When I had a crush on the boy, I kicked him or at least tried to, once chasing Costas down the aisle of a rare empty auditorium at PS 110.
But when it came to punching, that was a horse of a different challenge, usually issued by Michael or Uriah or Antonio or whoever else felt it necessary to call me to a fight and I held dear to my record of never losing which was much different than always winning. I just punched back long enough for a teacher to rush out onto Cannon Street and drag me back into the school and wash off the bloody nose.
And then Junior High School 56 loomed on the horizon and we were all sat down and told of one kid being stabbed, another thrown off the roof (maybe it was the same kid) and what was a right and skill - to punch back - suddenly had much different consequences.
At 6th Grade graduation, an autograph book filled with well wishes from classmates and teachers alike, a note to myself:
"When I get into junior high school, I must act more mature, try to advoid fights and don't talk back and be quiet...""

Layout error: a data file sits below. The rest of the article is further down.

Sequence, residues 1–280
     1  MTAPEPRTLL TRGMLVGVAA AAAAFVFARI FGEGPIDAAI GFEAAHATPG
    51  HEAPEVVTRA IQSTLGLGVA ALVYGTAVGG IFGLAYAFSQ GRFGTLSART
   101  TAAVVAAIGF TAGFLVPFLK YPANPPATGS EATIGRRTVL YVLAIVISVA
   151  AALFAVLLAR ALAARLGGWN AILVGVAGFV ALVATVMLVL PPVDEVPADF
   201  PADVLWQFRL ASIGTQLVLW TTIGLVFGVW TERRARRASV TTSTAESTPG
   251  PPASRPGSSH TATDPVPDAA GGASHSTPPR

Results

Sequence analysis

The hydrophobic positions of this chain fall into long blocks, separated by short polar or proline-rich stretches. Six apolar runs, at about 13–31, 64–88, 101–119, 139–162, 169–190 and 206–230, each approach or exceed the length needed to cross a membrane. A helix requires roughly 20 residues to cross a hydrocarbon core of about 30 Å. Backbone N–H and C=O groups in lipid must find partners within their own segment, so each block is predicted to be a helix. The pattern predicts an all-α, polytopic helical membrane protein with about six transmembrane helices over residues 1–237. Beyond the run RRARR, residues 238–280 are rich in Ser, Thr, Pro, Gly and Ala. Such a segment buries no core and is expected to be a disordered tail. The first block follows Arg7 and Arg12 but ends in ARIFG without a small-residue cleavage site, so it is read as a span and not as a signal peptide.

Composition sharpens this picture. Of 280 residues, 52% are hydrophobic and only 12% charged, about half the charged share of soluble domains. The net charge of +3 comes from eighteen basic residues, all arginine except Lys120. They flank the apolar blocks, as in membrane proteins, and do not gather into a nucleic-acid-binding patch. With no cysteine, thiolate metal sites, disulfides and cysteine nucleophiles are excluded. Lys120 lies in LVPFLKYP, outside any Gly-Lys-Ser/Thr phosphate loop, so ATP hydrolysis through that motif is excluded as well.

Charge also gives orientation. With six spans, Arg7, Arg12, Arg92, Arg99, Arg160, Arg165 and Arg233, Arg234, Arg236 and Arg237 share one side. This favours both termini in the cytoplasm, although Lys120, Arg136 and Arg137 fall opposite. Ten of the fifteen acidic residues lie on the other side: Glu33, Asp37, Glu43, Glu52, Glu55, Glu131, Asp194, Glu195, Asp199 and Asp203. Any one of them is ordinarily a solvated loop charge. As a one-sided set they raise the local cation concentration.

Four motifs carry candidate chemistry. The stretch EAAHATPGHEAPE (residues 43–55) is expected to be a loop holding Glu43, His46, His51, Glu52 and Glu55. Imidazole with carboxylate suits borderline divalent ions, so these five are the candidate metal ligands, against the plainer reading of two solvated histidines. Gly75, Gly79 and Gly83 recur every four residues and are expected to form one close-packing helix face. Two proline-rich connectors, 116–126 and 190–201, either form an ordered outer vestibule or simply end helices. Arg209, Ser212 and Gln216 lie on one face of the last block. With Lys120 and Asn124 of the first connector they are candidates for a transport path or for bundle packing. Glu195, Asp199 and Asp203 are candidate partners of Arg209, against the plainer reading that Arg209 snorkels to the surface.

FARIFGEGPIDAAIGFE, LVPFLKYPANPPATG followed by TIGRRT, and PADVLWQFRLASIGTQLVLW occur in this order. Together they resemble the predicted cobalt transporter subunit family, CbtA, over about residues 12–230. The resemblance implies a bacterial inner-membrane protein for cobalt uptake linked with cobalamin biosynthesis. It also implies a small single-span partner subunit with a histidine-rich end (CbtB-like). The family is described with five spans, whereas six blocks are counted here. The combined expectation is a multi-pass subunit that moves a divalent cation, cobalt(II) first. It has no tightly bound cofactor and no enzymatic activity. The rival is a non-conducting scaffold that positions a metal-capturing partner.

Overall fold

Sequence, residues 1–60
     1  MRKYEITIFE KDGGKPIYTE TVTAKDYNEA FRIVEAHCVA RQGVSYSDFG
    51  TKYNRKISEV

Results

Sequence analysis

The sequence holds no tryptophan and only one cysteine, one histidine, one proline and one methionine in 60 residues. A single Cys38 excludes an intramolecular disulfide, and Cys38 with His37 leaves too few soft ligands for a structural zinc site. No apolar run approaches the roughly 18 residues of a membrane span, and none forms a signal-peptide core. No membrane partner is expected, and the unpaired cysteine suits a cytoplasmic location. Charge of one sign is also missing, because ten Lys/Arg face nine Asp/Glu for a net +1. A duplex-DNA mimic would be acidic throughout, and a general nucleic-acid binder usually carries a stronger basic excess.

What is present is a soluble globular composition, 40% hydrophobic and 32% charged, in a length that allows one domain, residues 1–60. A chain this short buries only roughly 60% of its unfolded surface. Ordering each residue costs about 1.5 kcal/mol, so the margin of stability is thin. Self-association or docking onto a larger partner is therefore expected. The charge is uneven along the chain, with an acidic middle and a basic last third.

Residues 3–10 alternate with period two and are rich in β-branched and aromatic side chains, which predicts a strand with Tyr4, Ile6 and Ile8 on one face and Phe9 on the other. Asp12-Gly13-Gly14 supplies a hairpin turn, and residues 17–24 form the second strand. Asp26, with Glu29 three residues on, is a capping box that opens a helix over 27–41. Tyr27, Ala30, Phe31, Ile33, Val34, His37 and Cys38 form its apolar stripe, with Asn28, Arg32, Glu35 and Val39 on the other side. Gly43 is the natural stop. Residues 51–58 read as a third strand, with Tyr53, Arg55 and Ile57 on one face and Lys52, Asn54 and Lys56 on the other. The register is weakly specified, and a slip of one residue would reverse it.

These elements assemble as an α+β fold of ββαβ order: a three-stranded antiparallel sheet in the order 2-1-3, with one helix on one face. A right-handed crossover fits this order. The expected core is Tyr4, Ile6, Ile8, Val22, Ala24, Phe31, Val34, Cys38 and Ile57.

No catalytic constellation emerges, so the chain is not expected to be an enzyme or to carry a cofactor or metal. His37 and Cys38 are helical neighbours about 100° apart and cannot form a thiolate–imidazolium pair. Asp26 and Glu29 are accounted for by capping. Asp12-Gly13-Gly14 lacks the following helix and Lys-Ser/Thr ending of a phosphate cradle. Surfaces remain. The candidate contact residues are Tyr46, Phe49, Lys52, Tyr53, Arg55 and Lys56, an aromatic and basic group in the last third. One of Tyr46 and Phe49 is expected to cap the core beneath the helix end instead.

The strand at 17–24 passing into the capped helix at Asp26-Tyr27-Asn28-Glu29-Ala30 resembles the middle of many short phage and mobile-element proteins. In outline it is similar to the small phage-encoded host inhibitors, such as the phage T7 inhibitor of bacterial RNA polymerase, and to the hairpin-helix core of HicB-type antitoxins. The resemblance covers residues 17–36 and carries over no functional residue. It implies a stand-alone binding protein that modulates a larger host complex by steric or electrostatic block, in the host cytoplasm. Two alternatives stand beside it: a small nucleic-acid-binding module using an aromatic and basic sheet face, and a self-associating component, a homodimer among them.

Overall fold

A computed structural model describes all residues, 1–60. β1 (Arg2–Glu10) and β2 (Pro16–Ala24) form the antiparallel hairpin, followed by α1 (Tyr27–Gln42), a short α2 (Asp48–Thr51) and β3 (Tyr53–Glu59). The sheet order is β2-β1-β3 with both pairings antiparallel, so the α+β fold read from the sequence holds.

...because "all they that take the sword shall perish with the sword," and I was told there was fun waiting for me in high school.
MY PRIVATE CONEY presents IT WAS HER NEW YORK, the short stories that accompany the work-in-progress video and photo collection of the same name (myprivateconey.com - media link - IT WAS HER NEW YORK). The stories and the media explore the tender rubble that holds both my mother, Florence's and New York's soul as one disappears into old age and the other into gentrification. All are real observations and/or experiences with very little tall-tale telling.
Except when it makes the story better.
Please visit myprivateconey.com for additional information and sample works.
In Memoriam: Lloyd M. Rucker, 1957-2013
The Chelsea community is united this week in mourning the passing of one of its own, artist Lloyd M. Rucker. Although the exact circumstances of Lloyd’s deat...